Texas A&M Foundation Receives Lead Gifts in Campaign to Build New Music Activities Center

Three Aggie couples have made the initial signature gifts in a campaign to raise funds for a new Music Activities Center at Texas A&M University, a facility on the south end of campus that will house all university orchestras, choral groups and bands, including the Fightin’ Texas Aggie Band.

Anne and David Dunlap ’83 of The Woodlands, Texas, have donated $3 million to the project, and Patti and Weldon Kruger ’53 of College Station have contributed $1 million. Additionally, Elizabeth and Paul Motheral ’52 of Spicewood, Texas, have given the deed to their home on Lake Travis in Austin. Proceeds from the sale of that property will go toward construction of the new center.

In honor of this generosity, various spaces inside and outside the facility, which is estimated to be complete in 2017, will display donor names. The drill field adjacent to the building will be known as Dunlap Drill Field; the plaza will be named the Patricia C. and Weldon D. Kruger ’53 Plaza; and the Aggie Band rehearsal hall will be named in honor of Paul and Elizabeth Motheral.

To be located on the corner of George Bush Drive and Coke Street, the new Music Activities Center will accommodate more than 1,300 student musicians who are part of 14 different musical groups on campus. The proposed facility is expected to cost $40 million, with half the funds coming from the university and the other $20 million generated by donor support through the Texas A&M Foundation. The new building will replace the E.V. Adams Band Hall, which, according to band directors, is now too small for the growing ensembles and lacks storage space and proper acoustics.

The facility will feature adequate practice space and amenities including soundproof rooms, lockers for instrument storage, an artificial turf drill field and four state-of-the-art rehearsal halls. The center will also offer students, alumni and visitors an opportunity to learn more about the music traditions of Texas A&M.

Dr. Timothy Rhea, director of bands and musical activities for the university, said the existing rehearsal space has been used at full occupancy since shortly after it was built in 1970.

“I just finished my 22nd year at Texas A&M University, and this project was being discussed when I first arrived,” said Rhea. “It is no longer possible to expand our musical organizations. With the projected growth of the student body, a new facility would allow for future growth.”

Signature Donors
Patti and Weldon Kruger see the Music Activities Center as a way to help meet a long-standing need to grow the number of Aggie musicians.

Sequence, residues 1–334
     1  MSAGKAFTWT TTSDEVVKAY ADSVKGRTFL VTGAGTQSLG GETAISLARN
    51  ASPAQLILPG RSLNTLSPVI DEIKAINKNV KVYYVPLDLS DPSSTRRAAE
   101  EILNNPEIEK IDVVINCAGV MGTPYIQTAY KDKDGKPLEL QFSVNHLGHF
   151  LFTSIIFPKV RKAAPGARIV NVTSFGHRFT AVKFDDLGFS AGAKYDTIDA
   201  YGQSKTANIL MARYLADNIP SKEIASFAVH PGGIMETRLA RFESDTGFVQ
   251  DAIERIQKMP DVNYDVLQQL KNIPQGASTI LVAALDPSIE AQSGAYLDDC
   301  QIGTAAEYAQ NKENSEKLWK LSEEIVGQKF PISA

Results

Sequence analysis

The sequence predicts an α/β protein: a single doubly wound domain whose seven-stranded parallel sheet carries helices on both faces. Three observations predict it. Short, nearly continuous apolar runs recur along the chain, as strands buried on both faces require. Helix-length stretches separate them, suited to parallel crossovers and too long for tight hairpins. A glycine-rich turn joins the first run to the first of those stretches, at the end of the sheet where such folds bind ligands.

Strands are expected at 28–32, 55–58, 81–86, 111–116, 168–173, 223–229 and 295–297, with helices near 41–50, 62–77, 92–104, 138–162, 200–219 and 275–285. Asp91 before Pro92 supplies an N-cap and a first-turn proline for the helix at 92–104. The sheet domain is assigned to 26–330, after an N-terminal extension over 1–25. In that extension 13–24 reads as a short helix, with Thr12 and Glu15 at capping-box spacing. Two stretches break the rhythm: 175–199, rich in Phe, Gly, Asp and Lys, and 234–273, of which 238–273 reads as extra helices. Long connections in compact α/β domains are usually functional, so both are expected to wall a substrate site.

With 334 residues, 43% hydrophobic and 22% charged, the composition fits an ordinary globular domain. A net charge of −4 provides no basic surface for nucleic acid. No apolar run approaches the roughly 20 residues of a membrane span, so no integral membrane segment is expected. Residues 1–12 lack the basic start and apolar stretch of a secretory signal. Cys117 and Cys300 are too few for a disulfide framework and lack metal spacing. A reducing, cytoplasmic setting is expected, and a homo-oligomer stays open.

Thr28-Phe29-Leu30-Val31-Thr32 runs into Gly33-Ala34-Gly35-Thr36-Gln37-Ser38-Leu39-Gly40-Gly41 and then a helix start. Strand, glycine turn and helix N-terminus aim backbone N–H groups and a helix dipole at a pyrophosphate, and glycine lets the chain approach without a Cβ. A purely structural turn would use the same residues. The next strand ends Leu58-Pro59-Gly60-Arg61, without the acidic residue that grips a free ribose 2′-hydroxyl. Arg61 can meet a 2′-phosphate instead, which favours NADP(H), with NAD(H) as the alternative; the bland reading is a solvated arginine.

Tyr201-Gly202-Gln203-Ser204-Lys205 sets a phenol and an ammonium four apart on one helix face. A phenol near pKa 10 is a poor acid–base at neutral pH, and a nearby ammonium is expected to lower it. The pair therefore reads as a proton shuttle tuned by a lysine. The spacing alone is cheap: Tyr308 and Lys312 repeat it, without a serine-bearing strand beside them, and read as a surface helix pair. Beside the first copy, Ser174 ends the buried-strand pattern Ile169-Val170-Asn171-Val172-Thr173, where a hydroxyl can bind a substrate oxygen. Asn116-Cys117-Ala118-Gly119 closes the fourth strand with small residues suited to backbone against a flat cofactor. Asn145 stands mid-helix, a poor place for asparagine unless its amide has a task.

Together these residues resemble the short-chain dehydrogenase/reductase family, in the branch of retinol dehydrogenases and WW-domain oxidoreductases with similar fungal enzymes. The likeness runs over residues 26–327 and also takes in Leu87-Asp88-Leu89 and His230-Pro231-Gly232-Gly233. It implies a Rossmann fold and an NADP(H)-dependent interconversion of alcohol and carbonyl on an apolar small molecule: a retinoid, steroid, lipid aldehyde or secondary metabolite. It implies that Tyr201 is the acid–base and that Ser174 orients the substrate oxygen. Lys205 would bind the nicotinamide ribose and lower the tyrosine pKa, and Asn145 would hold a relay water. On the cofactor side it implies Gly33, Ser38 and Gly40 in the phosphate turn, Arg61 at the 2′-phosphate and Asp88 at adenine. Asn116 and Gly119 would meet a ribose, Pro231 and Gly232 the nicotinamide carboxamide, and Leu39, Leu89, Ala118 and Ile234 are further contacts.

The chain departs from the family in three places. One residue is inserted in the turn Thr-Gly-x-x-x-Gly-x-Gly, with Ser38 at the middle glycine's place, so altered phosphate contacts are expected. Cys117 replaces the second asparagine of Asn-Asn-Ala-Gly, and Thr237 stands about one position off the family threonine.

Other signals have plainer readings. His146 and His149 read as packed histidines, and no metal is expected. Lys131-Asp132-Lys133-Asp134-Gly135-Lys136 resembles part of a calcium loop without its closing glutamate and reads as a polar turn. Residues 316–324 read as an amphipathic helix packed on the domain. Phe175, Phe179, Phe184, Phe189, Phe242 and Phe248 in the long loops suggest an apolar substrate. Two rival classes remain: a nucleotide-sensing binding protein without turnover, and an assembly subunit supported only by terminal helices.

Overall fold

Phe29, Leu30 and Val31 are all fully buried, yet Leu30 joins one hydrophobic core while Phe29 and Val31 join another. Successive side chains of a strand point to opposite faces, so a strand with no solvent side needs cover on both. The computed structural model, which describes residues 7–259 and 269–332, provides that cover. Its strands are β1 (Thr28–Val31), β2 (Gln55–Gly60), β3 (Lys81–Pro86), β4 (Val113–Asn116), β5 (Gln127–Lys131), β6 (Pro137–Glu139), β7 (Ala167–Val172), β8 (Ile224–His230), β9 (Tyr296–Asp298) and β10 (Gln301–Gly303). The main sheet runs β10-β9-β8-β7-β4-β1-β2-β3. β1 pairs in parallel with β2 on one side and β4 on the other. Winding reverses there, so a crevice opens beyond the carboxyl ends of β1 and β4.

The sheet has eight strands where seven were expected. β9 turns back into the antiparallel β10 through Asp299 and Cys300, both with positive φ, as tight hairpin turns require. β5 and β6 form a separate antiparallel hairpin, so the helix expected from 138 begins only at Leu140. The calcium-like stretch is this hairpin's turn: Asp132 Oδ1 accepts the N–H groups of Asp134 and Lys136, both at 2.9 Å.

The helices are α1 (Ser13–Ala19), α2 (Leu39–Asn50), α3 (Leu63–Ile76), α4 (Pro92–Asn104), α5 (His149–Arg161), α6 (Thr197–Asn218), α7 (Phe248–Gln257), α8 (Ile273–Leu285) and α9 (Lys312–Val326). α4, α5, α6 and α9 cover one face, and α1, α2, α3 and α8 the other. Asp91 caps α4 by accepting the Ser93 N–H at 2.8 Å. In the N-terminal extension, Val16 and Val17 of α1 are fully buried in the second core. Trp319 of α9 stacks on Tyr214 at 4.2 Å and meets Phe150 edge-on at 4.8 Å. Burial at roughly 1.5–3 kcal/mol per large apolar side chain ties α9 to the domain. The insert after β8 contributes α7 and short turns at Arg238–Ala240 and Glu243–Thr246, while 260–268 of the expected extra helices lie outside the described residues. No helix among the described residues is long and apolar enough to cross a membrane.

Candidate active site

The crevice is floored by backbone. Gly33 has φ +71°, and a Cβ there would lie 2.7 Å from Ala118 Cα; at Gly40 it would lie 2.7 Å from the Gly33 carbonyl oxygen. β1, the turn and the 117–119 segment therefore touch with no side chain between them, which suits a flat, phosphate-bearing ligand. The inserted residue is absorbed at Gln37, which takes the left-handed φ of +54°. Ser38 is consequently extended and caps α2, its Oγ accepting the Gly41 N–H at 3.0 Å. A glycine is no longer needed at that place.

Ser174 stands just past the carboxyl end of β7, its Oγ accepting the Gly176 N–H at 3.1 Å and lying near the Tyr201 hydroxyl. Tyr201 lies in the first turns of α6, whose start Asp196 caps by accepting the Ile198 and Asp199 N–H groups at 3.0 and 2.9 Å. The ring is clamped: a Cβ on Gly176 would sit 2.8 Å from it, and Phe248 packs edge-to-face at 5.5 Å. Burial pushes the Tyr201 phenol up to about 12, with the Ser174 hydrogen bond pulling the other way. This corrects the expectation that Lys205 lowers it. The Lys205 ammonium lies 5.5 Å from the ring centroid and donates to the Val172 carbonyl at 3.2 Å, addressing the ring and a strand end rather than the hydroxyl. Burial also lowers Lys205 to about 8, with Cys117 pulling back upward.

“I’ve been aware of this need for a long time, so I was really pleased when we learned they were trying to really push it forward,” said Weldon Kruger. “Everybody knows about the Aggie band, and the other music programs also need assistance.”

For David Dunlap, the Aggie Band was an essential and lasting part of his Texas A&M experience. As a second generation Aggie Band member, Dunlap played the trombone and received bugle rank his senior year.

“Many lifelong friends were classmates of mine and in the band,” said Dunlap. “We shared a lot of experiences together, which caused us to be close even to this day.”

The Dunlaps recently hosted a reception to raise awareness about the need for a new music facility on campus. The event unveiled the master plans for the center and identified fundraising targets.

“I think that Aggies around the world take tremendous pride in the Aggie Band. As the band continues to develop young leaders for the State of Texas and our country, I think it is important they have access to the type of professional facilities that reflect their own excellence,” said Dunlap.

Playing both the clarinet and saxophone in the Aggieland Orchestra, Aggie Band and Concert band, music was a way of life for Paul Motheral during his time as an engineering student.

“At the time, jazz band and dancing were very popular,” he said, recalling college days spent traveling and performing with the orchestra. “I wanted to be an engineer, but I also wanted to be a performing musician.”

Motheral and his wife have enjoyed staying connected with Aggie musicians over the years through both their scholarship recipients and close relationships with the faculty.

“I’m just so excited about the musical groups having a space of their own to rehearse and hone their skills,” he added. “The thing we look forward to most is the growth, development and enjoyment the kids will have.”

Learn more about the plans for the Music Activities Center.

Texas A&M Foundation 
The Texas A&M Foundation is a nonprofit organization that solicits and manages investments in academics and leadership programs to enhance Texas A&M’s capability to be among the best universities.

You can support the Music Activities Center with a gift to the Texas A&M Foundation. For additional information, contact Cindy Munson ’99 with the Foundation at (979) 845-7558 orcmunson@txamfoundation.com.